“Oh, I see. And how does the closing of the Space Center affect the Ministry of Wonder?” My question was an honest one. The Ministry of Wonder was enormous in scope and size with the Imaginarium only a small division of the whole.
“My office is responsible for the inspiration that comes from imagining what might be from what Is.”
I walked closer and asked if it was OK to sit with her. She nodded and extended her hand in welcome. I sat on the opposite side of the bench leaving one square of turquoise between us.
“So, let me see if I understand what you just said. Your office creates images of the future based on what we experience around us in real life?”
“Got it in one,” she smiled and reached into her purse for a stick of chewing gum.
She opened the package and held it out. “Would you like a piece?” ‘
“Yes, thank you,” I replied. I took the gum. The gum had an odd taste, sort of a mixture of hazelnut and raspberry. “Where did you buy this?” I inquired.
“There’s a little shop around the corner from the Ministry. It’s awesome, you walk in, wait for a clerk and then imagine your favorite flavor or flavors. A moment later you're handed the gum you imagined.”
“Is this shop a product of the Imaginarium?”
“Yes, mine actually," She replied with pride. "An imagination came across my desk several weeks ago from a young girl in Nebraska. She had it while waiting to purchase a pack of gum at her local WalMart. The line was long so she had time to daydream. And when you day dream you open the door to my Departement. Her thoughts told me she was tired of her usual brand of gum and was looking for something different. Well, I also knew from reading the print out that she had just come from lunch at a pizza restaurant with a build your own salad bar.”
“Stop, let me take it from here,” I interrupted.
“Go right ahead.”
“You put the two thoughts together to create a vision of What Could Be from What Was. You took her memory of a build your own salad bar and combined it with a desire to build her own gum flavor.”
“You got it. We call that a Joining in the trade. I do Joinings all day long. That is what I do.”
A strong gust of wind moved through the station announcing an approaching train. It was the Express from Inspiration. Express trains never stop at the Wonderland Station. We had to wait for the local train.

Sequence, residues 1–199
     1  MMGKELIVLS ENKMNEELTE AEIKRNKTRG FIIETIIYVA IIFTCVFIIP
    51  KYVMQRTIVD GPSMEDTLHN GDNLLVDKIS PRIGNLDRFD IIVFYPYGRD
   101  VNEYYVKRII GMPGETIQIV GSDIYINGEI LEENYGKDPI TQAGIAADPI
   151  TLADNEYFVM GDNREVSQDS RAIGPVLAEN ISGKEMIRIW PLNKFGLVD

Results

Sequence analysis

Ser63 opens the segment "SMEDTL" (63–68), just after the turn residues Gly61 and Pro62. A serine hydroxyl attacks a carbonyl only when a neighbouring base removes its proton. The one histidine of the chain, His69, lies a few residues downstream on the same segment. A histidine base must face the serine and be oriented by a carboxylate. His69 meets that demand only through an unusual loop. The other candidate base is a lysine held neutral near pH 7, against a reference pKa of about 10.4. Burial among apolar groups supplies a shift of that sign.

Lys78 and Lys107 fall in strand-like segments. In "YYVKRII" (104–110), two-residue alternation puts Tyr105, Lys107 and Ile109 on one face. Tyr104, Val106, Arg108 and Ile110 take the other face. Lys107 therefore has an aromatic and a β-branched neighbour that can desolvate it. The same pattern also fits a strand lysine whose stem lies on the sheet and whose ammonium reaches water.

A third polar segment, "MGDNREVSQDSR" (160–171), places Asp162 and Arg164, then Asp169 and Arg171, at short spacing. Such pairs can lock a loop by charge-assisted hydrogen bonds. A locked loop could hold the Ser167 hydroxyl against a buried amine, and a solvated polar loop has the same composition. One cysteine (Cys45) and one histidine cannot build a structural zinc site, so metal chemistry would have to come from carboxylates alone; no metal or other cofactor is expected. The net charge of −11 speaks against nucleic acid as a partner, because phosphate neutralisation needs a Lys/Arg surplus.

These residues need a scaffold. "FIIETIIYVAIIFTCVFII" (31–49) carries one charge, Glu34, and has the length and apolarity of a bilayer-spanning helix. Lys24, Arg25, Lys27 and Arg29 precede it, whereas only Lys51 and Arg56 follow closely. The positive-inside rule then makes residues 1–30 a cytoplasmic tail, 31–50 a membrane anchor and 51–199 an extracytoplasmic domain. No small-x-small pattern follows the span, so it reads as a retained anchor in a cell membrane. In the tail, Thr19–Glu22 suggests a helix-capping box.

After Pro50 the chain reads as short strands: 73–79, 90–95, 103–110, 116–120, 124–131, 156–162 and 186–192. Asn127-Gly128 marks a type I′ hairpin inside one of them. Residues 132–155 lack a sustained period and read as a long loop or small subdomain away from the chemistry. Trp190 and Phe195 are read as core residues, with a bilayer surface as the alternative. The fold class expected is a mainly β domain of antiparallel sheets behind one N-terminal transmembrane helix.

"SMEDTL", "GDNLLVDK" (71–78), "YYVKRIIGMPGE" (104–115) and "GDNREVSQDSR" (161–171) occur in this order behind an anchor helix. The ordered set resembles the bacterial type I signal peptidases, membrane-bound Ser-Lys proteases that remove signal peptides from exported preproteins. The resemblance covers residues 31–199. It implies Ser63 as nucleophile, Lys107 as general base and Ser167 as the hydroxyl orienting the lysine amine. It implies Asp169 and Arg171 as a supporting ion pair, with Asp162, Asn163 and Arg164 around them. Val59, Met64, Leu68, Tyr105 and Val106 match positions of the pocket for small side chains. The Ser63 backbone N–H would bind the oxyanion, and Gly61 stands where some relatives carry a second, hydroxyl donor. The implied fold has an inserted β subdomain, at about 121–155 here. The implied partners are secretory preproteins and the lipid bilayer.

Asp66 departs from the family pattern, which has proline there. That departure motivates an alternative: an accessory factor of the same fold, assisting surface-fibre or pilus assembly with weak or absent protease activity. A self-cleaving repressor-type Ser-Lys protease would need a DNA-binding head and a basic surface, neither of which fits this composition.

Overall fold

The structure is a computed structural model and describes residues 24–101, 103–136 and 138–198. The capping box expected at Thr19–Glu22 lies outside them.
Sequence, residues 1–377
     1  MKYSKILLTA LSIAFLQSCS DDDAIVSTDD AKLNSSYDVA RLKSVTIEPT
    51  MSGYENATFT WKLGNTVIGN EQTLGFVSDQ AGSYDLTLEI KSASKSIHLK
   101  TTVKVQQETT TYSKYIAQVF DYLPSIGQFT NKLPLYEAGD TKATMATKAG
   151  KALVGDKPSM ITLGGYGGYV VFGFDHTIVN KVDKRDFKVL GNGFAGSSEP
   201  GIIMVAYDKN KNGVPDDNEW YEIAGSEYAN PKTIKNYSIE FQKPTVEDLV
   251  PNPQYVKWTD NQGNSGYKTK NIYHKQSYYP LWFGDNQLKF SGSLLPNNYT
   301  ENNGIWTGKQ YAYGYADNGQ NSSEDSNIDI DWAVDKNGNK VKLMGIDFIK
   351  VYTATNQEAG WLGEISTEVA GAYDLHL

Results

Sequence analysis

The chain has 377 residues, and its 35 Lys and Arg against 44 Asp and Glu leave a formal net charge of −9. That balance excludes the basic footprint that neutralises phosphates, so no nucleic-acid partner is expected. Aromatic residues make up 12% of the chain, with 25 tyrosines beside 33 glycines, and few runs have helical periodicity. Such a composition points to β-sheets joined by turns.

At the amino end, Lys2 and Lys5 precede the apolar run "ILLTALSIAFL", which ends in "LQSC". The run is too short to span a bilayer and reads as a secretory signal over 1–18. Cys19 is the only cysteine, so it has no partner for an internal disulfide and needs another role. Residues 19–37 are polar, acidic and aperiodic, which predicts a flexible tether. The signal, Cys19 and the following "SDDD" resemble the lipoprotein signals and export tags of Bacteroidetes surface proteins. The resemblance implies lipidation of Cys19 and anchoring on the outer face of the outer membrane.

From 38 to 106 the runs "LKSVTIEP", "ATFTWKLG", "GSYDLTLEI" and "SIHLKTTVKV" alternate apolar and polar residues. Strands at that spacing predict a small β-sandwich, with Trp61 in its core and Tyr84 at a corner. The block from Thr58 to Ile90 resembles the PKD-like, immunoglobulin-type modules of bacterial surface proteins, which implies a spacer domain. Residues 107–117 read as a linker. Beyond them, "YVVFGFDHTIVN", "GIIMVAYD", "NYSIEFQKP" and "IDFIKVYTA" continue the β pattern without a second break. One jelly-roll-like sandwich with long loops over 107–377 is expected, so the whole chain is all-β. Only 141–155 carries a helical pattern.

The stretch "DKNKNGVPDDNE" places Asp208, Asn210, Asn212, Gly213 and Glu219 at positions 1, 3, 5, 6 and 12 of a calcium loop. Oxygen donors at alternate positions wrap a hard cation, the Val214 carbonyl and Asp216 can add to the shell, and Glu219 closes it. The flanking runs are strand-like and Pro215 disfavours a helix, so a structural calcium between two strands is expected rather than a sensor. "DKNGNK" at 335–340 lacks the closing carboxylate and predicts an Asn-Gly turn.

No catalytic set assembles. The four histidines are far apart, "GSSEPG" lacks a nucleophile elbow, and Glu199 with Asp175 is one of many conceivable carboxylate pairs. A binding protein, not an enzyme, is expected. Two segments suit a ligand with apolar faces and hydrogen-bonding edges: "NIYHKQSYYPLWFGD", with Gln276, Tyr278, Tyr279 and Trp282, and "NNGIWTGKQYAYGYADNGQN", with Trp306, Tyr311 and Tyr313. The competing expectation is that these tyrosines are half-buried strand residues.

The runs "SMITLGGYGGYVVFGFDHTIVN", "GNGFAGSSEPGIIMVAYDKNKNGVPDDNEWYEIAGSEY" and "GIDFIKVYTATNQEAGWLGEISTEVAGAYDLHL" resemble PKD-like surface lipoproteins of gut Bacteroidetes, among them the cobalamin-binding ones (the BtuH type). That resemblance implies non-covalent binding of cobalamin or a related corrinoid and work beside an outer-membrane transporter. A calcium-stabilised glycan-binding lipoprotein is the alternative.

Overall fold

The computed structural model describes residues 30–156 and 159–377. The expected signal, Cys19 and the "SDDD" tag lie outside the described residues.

The train sped by. The people inside were framed in the windows. They looked tired and ready for home and supper. Their work was grueling, having to managing Inspiration day in and day out. My hat was off to them.
A few moments later and the platform was still again.
“So, you Joined the images and created a thought. Then what?” I continued the conversation with my bench mate.
“The girl imagined such a place where you could mix and match your gum flavors and when she did, it became real here in Wonderland.”
“Will it stay?” I asked.
“Only as long as she revisits the thought. The shop becomes an anchor point in her imagination. A place for her to mentally visit whenever she chooses. What’s cool is how the shop changes its shape and design every time she imagines something different. Today it looked like that wand shop in Diagon Alley. Tomorrow it may look like something else.”
“And when she gives up the idea?” I asked.
“Then the shop disappears?” she replied.
"Never to come back?"
"Not unless someone else Imagines it." We sat quietly, each staring a some point in the concrete.
I thought back to the starting point of our conversation.
“OK, so getting back to the original question. How does closing the Space Center for a few weeks so we can recharge our own imaginations, affect the Imaginarium - A Sub Section of the Ministry of Wonder?”
“You have no idea how busy we are when the Center is running at full steam," She answered. "The imaginations you help create in those kid's minds pour into our Department filling our In Baskets to the point of burying us. You fill their minds with Wonder at what could be based on what they’re experiencing in the real world. Our job is to Join the two images and inspire them to go out and make what they experienced real. Now, Suddenly you close and the cascade of ideas and thoughts goes from the raging Niagara to the dribble of a leaky faucet.”
“And the department lays off its staff.” I said.
“The Department has a budget. With this economy every penny counts.”
“Well, we open for the school year on August 20th. You’ll be back to work then," I assured her.
She smiled and reached for her bag. A strong wind from the dark tunnel blew across the platform. Our train was approaching. We stood and walked towards the platform’s edge. The train’s powerful headlamps appeared first, piercing the darkness with 3 yellow lights. The lights grew brighter and brighter until the body of the train emerged. It slowed to a stop, a moment later the automatic doors slip open to welcome us aboard.
“After you,” I said while reaching out to hold the automatic doors open until we were both safely inside.
“Thank you,” she replied.
The train started with a jolt. I reached for the nearest hand strap which was attached to a metal bar running the length of the coach. The Wonderland Platform, with its blue and red sign, disappeared into the dark.
My vacation had started.